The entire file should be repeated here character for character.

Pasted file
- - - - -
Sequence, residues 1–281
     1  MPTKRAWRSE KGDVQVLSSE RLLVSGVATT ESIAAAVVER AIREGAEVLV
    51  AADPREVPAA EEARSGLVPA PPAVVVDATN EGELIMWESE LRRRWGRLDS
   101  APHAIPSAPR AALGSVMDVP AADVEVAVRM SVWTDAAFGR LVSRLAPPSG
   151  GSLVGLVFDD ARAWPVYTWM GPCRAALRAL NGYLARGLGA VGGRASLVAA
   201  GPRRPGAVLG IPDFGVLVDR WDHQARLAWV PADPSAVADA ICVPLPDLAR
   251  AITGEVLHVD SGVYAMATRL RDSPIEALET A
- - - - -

Sequence, residues 1–281
     1  MPTKRAWRSE KGDVQVLSSE RLLVSGVATT ESIAAAVVER AIREGAEVLV
    51  AADPREVPAA EEARSGLVPA PPAVVVDATN EGELIMWESE LRRRWGRLDS
   101  APHAIPSAPR AALGSVMDVP AADVEVAVRM SVWTDAAFGR LVSRLAPPSG
   151  GSLVGLVFDD ARAWPVYTWM GPCRAALRAL NGYLARGLGA VGGRASLVAA
   201  GPRRPGAVLG IPDFGVLVDR WDHQARLAWV PADPSAVADA ICVPLPDLAR
   251  AITGEVLHVD SGVYAMATRL RDSPIEALET A